Wednesday, December 5, 2007

Using Cisco's Integrated TDR

Did you know most Cisco switches with 10/100/1000 RJ45 ports have TDR capabilities? Yes, it is true.

At the time of this writing it is my understanding that this feature is not supported on any 10/100 ports or SFP module ports.


So, what the TDR may help you with? Short answer: dealing with the physical problems outside of the switch. Long answer: it helps you detect certain types of twisted-pairs cabling problems. So you can troubleshoot:\
  • Open wires
  • Cut wires
  • Broken wires
  • Shorted wires

With the TDR functionallity you can find the length at which the twisted-pair wire is open.

Now, remember, since TDR is a port test, the port can will not handle any traffic for the duration of the test (generally, 1 minute). So, how do you run this feature? In two simple phases.

First run the diagnostic test and collect the results:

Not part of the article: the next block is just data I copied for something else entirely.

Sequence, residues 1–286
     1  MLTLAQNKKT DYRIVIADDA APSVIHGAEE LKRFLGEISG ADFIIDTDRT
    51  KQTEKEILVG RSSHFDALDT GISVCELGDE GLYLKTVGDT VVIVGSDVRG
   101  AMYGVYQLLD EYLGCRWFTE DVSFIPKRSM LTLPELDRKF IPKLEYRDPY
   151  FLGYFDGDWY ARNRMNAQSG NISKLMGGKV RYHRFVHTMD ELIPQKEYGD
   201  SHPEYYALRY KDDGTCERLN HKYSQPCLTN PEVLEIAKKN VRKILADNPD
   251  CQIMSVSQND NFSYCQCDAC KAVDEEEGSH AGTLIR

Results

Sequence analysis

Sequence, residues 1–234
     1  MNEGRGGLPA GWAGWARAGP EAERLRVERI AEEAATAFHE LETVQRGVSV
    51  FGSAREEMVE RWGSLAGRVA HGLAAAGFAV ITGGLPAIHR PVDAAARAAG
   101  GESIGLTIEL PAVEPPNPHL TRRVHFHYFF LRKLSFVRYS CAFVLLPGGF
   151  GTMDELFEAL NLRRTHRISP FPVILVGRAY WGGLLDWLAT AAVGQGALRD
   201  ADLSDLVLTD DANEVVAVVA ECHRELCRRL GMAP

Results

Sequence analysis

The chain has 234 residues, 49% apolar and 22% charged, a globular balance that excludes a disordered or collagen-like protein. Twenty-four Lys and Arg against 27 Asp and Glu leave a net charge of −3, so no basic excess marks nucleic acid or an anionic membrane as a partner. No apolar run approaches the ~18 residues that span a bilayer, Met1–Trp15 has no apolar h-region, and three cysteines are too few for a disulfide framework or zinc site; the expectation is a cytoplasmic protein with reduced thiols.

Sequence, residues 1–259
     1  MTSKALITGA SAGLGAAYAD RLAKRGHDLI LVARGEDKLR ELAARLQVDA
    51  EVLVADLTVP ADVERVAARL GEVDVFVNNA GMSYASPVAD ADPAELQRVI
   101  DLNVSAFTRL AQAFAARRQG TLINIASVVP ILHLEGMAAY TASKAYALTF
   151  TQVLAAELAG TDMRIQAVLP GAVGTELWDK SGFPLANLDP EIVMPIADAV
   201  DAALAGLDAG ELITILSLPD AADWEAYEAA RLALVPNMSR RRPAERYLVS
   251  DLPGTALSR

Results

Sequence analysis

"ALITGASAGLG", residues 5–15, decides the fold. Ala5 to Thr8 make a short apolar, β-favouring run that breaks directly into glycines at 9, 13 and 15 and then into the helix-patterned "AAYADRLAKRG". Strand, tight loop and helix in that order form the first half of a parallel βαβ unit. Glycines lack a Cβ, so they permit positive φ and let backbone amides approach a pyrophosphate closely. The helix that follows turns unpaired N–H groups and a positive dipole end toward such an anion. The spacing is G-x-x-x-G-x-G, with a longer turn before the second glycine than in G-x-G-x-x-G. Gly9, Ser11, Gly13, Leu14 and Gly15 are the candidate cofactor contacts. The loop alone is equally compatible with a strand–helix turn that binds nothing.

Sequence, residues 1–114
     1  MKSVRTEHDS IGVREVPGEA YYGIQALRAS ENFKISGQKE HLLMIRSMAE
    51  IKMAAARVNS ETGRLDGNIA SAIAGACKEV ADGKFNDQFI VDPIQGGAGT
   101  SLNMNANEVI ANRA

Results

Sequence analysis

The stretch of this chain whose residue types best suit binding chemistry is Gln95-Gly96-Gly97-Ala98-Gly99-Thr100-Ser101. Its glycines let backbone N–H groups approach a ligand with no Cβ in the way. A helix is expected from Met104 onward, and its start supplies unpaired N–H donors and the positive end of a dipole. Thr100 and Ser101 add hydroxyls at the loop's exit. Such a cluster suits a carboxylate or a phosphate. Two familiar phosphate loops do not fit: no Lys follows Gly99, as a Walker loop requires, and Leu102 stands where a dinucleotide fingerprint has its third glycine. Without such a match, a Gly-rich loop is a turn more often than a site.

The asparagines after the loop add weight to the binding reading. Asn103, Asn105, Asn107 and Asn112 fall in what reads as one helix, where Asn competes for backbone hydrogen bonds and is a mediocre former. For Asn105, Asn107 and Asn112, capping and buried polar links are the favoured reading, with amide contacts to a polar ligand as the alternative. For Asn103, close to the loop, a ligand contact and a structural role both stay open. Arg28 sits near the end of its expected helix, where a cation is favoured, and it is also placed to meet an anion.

# test cable-diagnostics tdr interface GigabitEthernet 0/1

Second display the results:

# show cable-diagnostics tdr interface GigabitEthernet 0/1

Interface Speed Local pair Cable length Remote channel Status
Gi0/1 0Mbps 1-2 102 +-2m Unknown Fault
3-6 100 +-2m Unknown Fault
4-5 102 +-2m Unknown Fault
7-8 102 +-2m Unknown Fault

The previous command is set to be deprecated sometime in the future and will be replaced by:

# show diagnostic result interface GigabitEthernet 0/1

So you better know both. You never know when you might need it.

1 comment:

  1. Woah! I never knew Cisco switches have TDR capabilities. thanks for explaining the whole stuff now its crystal clear to me. Can u please update us more about cisco unidirectional link detection.

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